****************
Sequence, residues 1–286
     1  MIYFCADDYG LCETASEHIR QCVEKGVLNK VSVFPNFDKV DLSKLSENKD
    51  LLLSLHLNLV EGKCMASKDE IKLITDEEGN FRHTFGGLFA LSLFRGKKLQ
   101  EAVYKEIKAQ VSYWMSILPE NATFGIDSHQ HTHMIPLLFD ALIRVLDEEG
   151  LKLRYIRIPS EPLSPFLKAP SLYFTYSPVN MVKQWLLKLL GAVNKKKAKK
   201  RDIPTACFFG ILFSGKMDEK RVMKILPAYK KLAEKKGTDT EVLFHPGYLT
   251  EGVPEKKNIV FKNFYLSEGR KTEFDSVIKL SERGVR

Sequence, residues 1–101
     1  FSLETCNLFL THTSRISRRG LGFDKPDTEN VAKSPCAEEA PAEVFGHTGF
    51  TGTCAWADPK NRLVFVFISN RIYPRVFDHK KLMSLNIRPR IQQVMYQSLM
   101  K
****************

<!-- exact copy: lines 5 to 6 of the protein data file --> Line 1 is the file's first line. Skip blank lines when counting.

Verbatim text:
   151  LKLRYIRIPS EPLSPFLKAP SLYFTYSPVN MVKQWLLKLL GAVNKKKAKK
   201  RDIPTACFFG ILFSGKMDEK RVMKILPAYK KLAEKKGTDT EVLFHPGYLT